It was a Sunday many can relate to. A Quincy mom was bouncing from soccer games to basketball games to a dance recital to a family birthday party. Thanks to the holiday season, it seems that time is a premium. There are never enough hours in the day or week it seems.
All of that running left her short of gas, so she stopped at her favorite convenience store to fill up that afternoon. She filled her tank, paid with a store gift card and went on her way. Little did she know that she left hundreds of dollars of gift cards sitting on the store's counter.
She didn't figure out what she had done until hours later when she went through her purse and noticed that the group of gift cards were gone.
"I was mad at myself," the woman said. "I was pretty cavalier with a lot of money."
She retraced her steps and realized that she left the packet of cards at the convenience store. She had stopped there at 1:30 p.m. It was nearly nine hours later before she realized her mistake.
She had little hope that the cards would be found. Losing credit cards or your debit card is one thing. Those have identifying marks on them. If you lose those, you call your credit card companies or your bank and have them stopped until you find them. But gift cards are a whole different ballgame. They are just like cash. If you find one lying on the ground -- or sitting on a convenience store counter -- you can have at them.
"The one right on top was a $100 gas card," said the woman, who bought the gift cards as part of a fundraiser for her kids' school. She had planned to use the gift cards to buy Christmas presents and other things the family needed.
She had her husband run to the store late Sunday night, but it was closed.
"He's a pretty positive guy," the woman said of her husband. "He said the cards would be there. If not, someone needed them more than we did."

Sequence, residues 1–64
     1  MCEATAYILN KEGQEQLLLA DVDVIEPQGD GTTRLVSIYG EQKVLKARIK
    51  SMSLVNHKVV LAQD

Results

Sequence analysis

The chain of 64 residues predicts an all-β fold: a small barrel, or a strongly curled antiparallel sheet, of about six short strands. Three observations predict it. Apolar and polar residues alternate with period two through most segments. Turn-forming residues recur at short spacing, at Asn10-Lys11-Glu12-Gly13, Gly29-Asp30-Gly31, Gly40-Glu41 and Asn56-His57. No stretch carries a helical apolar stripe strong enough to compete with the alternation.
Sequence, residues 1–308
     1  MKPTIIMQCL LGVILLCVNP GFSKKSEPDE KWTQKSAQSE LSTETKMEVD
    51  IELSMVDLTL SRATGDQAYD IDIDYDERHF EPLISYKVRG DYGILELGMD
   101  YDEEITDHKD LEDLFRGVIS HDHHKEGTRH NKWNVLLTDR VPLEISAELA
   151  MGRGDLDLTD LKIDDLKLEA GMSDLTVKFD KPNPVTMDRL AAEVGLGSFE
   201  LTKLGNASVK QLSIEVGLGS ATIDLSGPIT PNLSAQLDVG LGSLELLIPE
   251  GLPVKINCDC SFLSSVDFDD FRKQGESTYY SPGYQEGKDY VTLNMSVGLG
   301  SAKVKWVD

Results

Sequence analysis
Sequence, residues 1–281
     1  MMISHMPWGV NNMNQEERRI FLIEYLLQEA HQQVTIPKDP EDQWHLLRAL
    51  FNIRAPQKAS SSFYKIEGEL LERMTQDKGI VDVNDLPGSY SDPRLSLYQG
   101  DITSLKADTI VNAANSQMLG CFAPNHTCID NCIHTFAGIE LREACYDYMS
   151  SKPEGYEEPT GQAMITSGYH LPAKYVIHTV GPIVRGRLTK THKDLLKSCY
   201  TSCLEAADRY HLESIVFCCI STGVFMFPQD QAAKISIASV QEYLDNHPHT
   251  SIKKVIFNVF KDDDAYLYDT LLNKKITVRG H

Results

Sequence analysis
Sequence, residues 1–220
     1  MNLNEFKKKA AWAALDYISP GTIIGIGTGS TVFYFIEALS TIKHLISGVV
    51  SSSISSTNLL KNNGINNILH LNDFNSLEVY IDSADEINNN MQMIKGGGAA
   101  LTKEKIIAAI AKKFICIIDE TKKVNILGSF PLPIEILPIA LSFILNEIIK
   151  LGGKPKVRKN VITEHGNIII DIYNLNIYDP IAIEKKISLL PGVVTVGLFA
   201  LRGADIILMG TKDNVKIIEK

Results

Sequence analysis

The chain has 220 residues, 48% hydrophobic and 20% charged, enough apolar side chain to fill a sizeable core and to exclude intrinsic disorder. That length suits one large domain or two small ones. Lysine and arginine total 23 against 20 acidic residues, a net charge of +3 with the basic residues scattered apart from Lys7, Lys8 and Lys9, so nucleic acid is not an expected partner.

Not that the woman had lost her faith in humanity, but it was about to bolstered in a big way. When she got up on Monday morning, she called the manager of the convenience store on the long shot that the cards would still be there.
Much to her surprise, the manager told her that the packet of gift cards was still there.
"Oh, yes," the manager told her, "they are right here with a note."
The woman went to the store that morning to collect the cards and to thank her new Christmas angel, who was named Evan. He wasn't working, but was scheduled to be in the store later that night, which prompted a return visit by the woman later that day.
It turned out that Even, a college-aged kid, never really thought about taking them. He figured that whoever lost them would be back to get them.
The woman thanked Evan for his honesty. And she kept the note he left with the cards. It reads: "a thin lady with dark brown hair left these here at 1:30."
"I just love that kid," the woman said. "Not only is he honest, but he's complimentary, too. I saved that note and put it in my Bible. It's a good reminder that there are still good, honest people out there."